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Banshee lessons enhance operational mission

Banshee trainees, First Lt. Dylan Brown (center left) and First Lt. James Hanley (center right), present a joint capstone pitch during the virtual wrap up event for the third Banshee training program cohort Dec. 4.

Banshee trainees, First Lt. Dylan Brown (center left) and First Lt. James Hanley (center right), present a joint capstone pitch during the virtual wrap up event for the third Banshee training program cohort Dec. 4. The program, a partnership between Hanscom Air Force Base, MassChallenge and the Air Force Research Lab, is part of a two-year pilot project designed to help participants incorporate innovative ideas and approaches into their daily work. (Courtesy photo)

HANSCOM AIR FORCE BASE, Mass. – The third iteration of the Banshee training program culminated in a Dec. 4 virtual wrap up event focused on how trainees will turn what they’ve learned into actionable ideas within their units.

The program, a partnership between Hanscom, MassChallenge and the Air Force Research Lab, is part of a two year pilot project designed to help participants incorporate innovative ideas and approaches into their daily work through virtual training and engagement opportunities with experts and entrepreneurs.

The third cohort, comprised of 30 trainees and 14 auditors from the Digital Directorate; the Command, Control, Communications, Intelligence and Networks Directorate; the Cyber Resiliency Office for Weapons Systems; and the 66th Air Base Group, as well as National Guard and Army personnel, participated in training sessions throughout the month of November.

The capstone event, held via Zoom, kicked off with remarks from Maj. Gen. Michael Schmidt, program executive officer for C3I&N, Steve Wert, PEO for Digital, and Lt. Col. Zachary Lehmann, the materiel leader for CROWS.

“This the most important kind of training,” Schmidt said. “Having these relationships with people inside and outside the Department of Defense is huge in terms of our ability to deliver capability to our warfighters.”

First Lt. Dylan Brown, the government engagement lead for Detachment 12’s Kessel Run and a Banshee trainee, said the program reinforced the importance of taking a collaborative approach when solving acquisition challenges.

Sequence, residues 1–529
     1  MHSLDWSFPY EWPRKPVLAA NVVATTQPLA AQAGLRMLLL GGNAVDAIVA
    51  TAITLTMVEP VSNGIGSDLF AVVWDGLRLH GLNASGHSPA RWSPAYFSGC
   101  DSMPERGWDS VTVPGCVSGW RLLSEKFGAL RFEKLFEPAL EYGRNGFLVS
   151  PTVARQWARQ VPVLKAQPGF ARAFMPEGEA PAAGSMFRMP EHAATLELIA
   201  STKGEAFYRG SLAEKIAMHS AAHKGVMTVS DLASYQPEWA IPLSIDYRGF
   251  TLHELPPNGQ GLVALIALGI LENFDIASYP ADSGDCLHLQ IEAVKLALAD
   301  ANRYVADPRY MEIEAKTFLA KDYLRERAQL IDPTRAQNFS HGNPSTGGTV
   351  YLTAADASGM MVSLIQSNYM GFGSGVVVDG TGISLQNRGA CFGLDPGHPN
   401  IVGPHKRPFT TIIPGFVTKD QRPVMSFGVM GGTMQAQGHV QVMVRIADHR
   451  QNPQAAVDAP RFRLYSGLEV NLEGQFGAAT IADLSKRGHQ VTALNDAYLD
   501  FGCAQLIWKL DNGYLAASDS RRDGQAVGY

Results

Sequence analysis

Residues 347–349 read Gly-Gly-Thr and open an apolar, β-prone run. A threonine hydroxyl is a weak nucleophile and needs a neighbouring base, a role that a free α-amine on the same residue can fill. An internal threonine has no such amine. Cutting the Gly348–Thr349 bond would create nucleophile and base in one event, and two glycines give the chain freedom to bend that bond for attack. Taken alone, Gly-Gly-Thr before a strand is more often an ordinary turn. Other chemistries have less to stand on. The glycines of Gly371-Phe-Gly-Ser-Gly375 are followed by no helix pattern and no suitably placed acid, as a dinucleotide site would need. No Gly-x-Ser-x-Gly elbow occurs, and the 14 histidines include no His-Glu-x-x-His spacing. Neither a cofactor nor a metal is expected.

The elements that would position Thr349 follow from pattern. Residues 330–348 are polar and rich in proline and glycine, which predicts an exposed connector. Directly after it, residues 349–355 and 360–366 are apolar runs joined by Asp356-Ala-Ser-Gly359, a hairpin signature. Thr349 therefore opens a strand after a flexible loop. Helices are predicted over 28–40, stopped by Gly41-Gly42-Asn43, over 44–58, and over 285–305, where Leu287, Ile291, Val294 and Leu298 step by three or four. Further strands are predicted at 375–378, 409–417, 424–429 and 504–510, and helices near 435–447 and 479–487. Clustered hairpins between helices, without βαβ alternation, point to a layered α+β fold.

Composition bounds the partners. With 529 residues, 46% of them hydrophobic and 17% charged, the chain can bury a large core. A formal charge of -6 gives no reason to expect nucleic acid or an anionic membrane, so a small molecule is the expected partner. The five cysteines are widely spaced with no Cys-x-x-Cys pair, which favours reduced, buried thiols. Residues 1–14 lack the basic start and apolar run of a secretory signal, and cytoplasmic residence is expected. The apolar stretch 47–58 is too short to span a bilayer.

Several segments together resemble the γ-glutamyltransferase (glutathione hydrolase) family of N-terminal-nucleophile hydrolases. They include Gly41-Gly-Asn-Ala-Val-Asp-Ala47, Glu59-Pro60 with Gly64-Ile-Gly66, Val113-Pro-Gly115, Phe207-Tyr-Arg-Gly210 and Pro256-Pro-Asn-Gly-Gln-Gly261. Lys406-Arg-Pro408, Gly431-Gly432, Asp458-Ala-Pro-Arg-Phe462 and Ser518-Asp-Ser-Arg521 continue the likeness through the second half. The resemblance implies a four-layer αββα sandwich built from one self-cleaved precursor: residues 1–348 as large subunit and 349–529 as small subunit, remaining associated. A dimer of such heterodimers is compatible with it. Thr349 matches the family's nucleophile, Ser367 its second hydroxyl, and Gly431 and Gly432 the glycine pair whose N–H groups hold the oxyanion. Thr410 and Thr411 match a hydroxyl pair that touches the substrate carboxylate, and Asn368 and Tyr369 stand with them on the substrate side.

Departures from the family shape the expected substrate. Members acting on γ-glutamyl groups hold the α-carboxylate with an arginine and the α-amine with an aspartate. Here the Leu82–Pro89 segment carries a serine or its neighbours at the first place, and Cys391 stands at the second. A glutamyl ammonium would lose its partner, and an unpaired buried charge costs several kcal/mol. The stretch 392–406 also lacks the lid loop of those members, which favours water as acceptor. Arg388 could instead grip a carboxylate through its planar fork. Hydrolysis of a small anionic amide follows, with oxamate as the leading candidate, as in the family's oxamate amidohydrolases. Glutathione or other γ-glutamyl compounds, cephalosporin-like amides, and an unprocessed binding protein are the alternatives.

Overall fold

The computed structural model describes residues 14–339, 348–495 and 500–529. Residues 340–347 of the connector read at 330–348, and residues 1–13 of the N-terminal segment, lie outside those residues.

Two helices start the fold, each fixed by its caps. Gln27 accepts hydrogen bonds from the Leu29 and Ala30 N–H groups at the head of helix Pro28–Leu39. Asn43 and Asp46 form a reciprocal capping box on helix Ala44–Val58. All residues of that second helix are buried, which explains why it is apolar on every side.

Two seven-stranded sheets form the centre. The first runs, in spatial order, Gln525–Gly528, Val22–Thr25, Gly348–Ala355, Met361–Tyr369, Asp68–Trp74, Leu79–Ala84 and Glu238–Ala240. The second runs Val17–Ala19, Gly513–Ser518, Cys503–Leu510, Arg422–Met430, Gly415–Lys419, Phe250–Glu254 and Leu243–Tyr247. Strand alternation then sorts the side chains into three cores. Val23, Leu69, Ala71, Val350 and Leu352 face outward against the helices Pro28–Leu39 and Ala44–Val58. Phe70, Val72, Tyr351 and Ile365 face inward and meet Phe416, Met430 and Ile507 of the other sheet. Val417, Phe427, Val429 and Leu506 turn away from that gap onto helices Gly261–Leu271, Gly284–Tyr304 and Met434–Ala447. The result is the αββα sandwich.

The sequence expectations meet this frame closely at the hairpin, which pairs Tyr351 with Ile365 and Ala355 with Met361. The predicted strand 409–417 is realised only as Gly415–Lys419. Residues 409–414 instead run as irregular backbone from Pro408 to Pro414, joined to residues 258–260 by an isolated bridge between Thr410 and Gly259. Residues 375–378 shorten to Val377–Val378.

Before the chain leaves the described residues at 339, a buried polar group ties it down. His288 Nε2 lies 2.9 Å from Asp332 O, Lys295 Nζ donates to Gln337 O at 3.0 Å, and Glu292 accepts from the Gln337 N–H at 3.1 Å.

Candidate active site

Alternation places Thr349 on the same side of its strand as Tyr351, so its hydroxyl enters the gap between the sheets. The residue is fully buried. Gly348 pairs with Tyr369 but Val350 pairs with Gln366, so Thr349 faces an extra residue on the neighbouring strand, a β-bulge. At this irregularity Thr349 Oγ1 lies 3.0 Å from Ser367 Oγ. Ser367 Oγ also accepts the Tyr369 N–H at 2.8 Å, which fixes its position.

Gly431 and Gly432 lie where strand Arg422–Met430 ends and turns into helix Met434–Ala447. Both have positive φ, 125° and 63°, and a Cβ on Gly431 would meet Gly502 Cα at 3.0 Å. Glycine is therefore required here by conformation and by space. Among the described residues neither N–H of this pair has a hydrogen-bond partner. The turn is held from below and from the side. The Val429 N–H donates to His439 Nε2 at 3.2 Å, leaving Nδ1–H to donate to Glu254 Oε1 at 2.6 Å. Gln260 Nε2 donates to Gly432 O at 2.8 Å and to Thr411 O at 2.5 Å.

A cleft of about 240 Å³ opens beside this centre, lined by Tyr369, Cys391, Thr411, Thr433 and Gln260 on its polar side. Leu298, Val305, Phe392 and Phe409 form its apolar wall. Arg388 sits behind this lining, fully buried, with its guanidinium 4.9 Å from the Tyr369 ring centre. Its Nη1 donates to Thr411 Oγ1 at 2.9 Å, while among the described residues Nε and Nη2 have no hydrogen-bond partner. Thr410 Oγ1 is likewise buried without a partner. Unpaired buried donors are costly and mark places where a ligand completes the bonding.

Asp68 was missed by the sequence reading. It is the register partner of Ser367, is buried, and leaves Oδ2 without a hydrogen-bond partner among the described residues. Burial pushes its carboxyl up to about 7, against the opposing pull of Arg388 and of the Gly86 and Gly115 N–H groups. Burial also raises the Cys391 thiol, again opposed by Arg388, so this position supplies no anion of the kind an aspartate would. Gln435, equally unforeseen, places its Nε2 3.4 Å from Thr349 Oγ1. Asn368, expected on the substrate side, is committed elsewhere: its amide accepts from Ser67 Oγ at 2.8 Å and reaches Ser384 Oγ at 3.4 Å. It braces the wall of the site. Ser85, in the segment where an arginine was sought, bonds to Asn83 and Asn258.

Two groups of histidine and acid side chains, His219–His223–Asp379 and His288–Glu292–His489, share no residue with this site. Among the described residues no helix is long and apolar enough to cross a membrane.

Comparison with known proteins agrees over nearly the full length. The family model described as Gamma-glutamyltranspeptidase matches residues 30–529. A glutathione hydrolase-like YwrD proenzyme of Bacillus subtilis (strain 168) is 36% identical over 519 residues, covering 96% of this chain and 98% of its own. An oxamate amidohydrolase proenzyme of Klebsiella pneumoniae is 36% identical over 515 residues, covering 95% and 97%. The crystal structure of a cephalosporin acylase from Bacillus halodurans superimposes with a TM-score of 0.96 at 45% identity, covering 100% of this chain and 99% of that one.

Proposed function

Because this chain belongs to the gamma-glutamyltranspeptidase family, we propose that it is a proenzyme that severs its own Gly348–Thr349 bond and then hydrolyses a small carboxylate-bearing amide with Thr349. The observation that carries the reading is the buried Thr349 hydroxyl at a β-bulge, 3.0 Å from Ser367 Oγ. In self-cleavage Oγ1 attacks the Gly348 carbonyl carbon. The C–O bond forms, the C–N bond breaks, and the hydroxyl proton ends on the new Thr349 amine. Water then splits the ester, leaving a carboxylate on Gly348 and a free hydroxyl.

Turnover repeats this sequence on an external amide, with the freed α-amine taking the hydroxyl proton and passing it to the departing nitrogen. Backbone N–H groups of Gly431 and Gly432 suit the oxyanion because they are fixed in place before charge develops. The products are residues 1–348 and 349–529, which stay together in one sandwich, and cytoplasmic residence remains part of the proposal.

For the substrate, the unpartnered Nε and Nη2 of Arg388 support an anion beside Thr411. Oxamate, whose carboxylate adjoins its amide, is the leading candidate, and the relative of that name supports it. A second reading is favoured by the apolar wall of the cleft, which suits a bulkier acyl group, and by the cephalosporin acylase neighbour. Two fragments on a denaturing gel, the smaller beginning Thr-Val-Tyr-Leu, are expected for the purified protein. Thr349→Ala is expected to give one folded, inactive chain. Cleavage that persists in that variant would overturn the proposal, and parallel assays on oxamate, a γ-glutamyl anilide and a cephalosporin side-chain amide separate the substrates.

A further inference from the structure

“I think the Banshee program drives home the realization that there are a lot of opportunities for us to work together across the enterprise and use fewer dollars to solve more problems or even solve one big problem for everyone in the Air Force,” he said.

Fellow Banshee trainee and systems engineer for the Cloud Hosted Enterprise Services Program Management Office, Matthew Reyburn, agreed that programs like Banshee help broaden the trainees’ perspectives.

“We had folks with a lot of different backgrounds in the program and I’m glad that I got to know about the innovative things they’re trying to do, particularly the contractors,” he said. “I learned a lot about the Small Business Innovative Research Program and other contracting vehicles from them, and having a program that links me to these experts really helps.”

Christian Melton, senior partnerships manager for MassChallenge Boston, said the overall goal is to see “actionable outcomes” as a result of this program.

“We want to see our Banshees understand the innovation ecosystem, understand how to engage non-traditional [companies] and be able to find those top technologies that are going to make an impact now for our warfighters,” he said.

Hanscom leadership challenged the trainees to be “Banshee ambassadors” and “proactively infuse” their respective units with the ideas gleaned during their experience.

“I want you to take risks. I want you to lean forward. I want you to really supercharge your teams as you re-enter normal business,” said Wert. “Don’t fear failure.”

Reyburn is already exploring ways that he can use his experience to enhance the CHES mission. He said the information he gathered is particularly valuable as he tackles a Digital Engineering-focused project that would create digital twins of the CHES network infrastructure in a systems modeling language.

“I don’t have a full solution yet,” he said, “But after Banshee, I have a much better argument for how we could go about accomplishing this idea. The training helped me figure out which tools and language I need to use within my work to get the technical solutions that will help the enterprise overall.”

The program has also helped Brown improve his team’s operational strategies.

“We’re working to modernize the way we do market research. During the training program, there was a MITRE-led discussion about demystifying the DOD’s innovation ecosystem and it helped inform how Kessel Run’s engagement group now approaches making connections with industry and other DOD innovation organizations,” he said.

Both trainees agreed that the skills, tools and connections they gained from their respective Banshee experiences will help them in tangible, mission-enhancing ways going forward.

“I hope this program continues to thrive, because it’s definitely value added for the DOD,” Reyburn said.